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How to Create an Onboarding Plan Your New Employees Will Love

After multiple interviews and lots of searching, you’ve finally found the perfect person to join your team. They’ve accepted your offer, and you’re ready for them to quickly get up to speed so they can succeed.

But if you don’t have a great onboarding plan in place, you’re setting your new hire up to fail before they’ve even started—and you’ll lose them in the long run. So if you don’t want your new hire to be one of a third of new employees who resign after only six months, you better think long and hard about your onboarding program before you offer them a job.1

Money expert Dave Ramsey explains it this way: “You have a honeymoon phase with a new team member when they are very enthused, excited and energized. Don’t let all the air out of their balloon by not having a fast track in place for them to enter your team.” Let’s look at how to onboard new employees the right way.

4 Onboarding Program Mistakes to Avoid

Some tactics work better than others when it comes to onboarding new employees. Here’s what Armando Lopez, Ramsey Solutions’ executive director of Human Resources, says are the most common mistakes small-business owners make and how to avoid them:

1. Waiting Until Day One to Start Onboarding

Onboarding new team members should start the minute they accept the job—not on their first day of work. “You want people to [stay] as engaged and excited as the moment theysaid yes,” Armando says. One way to do this is to use a call program to stay in touch with new team members in the weeks before they officially start.

2. Not Getting Ready for the New Hire

The biggest mistake employers make is not being prepared for a new hire to join the team. Everything the new person needs to begin work—down to details like pens and notepads—should be ready for them before they walk through the door. You also need to get your team ready to answer any questions and make the new team member feel at home. “If you’re not ready, you’re making a very poor impression,” Armando says.

3. Passing the Welcome Buck

When someone joins your team, their leader needs to welcome them, even if that means working through a tight schedule. Once that’s accomplished, others can take them through their first day. It’s about putting your best foot forward and making a good first impression.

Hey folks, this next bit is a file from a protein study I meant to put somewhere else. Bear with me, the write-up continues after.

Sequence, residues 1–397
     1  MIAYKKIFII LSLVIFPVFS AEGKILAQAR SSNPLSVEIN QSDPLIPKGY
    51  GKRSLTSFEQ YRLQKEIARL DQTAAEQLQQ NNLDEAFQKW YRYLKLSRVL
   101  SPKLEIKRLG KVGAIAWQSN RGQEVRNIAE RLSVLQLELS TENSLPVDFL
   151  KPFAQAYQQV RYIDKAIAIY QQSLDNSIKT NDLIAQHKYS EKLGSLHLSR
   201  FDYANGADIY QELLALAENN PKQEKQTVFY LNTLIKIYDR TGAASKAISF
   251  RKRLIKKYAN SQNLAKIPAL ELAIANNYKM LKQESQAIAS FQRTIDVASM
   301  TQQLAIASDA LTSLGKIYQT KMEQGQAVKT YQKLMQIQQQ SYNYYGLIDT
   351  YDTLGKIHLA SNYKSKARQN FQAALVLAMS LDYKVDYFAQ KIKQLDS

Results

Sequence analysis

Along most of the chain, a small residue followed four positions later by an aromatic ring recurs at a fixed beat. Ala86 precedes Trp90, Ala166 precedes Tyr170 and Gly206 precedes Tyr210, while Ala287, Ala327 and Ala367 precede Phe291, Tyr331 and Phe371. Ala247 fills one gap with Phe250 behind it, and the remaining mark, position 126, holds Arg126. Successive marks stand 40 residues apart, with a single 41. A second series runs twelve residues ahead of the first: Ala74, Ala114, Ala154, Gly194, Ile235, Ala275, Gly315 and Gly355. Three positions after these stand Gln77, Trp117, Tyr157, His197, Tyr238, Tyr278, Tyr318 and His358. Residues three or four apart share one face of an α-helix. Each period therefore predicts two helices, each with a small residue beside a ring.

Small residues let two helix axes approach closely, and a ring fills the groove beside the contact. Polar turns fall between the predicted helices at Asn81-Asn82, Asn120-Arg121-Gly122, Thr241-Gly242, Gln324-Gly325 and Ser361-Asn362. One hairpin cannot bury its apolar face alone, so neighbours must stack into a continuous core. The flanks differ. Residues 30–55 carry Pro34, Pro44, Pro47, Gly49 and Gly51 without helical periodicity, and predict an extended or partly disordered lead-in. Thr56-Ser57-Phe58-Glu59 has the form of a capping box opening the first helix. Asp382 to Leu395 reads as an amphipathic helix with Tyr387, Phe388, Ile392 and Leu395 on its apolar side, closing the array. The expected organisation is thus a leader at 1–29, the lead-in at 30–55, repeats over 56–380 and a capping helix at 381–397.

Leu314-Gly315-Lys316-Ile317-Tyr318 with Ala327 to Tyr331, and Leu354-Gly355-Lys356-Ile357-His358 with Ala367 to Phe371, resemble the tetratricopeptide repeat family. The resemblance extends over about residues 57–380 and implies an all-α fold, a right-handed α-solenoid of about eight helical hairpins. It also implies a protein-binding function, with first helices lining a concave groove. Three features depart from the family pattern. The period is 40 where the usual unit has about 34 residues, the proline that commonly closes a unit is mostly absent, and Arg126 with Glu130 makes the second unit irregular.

Related article: Leadership Traits and Tips to Help You Become a Successful Leader

4. Not Meeting Their Expectations

Another common mistake usually surfaces a week or two after a new team member starts. If the job is different than what was presented in the interview process, this is the time they realize it. “Don’t sell something and then do the bait and switch,” Armando says. “No one wins when you do that.”

Related article: 5 Employee Retention Strategies Your Business Needs Right Now

The 90-Day Onboarding Plan for New Team Members

So, how do you implement a great onboarding plan and employee orientation program? The following timeline will help get you started.

5 Things to Do Before Employee Orientation and Start Date: (1–2 Weeks Out)

1. Create a KRA.

Create a detailed, written job description before you ever hire a candidate for a position. Ramsey Solutions (Dave’s company) calls this their Key Results Area (KRA). A KRA clearly defines what the team member needs to do to succeed at their job. By writing the requirements down, you clarify the position for yourself and the potential team member. You should also use the KRA during the interview process to ensure you hire someone with the skills needed to win in the role.

Related articleHow to Create Role Clarity Using Key Results Areas

Free KRA Template

Want an easy way to create KRAs for your team members? Grab our free template, plus get a couple examples of completed KRAs for reference!

Get the Free Template

2. Order supplies and equipment.

Picture this: Your new hire shows up on day one ready to kill it, but you don’t have the tools or resources for them to start work. So, instead of being hyped up for their new job, they’re sitting at their desk twiddling their thumbs with no direction on how to integrate into the team or do their work. Every item the new team member needs—computer, headset, etc.—should be ordered as soon as the role is in the budget.

3. Send HR paperwork one week in advance.

Filling out paperwork is another huge enthusiasm killer. Nothing makes a day drag like trying to figure out a W-4 or I-9 during employee orientation. But, unfortunately, it’s a necessary task for every new team member. So, what if you sent paperwork in advance for them to fill out? Then when they arrive on the first day, they’ll hand in their ID and any final paperwork, and it’s off to the races!

4. Send a welcome email.

Newsflash: There’s no way around boring paperwork. But you can make it better when you add a fun, sincere welcome email into the mix that officially greets them the week before they start. A welcome email tells new team members what to expect on their first day—plus, it includes a schedule and other important information, like where to park and how to get into the building.

5. Create a team welcome note.

To make a new hire feel at home the minute they walk in the door, buy or create a card or desk sign and have every member of their team sign it. It’s a small, simple gesture that can go a long way and speaks volumes of your company culture.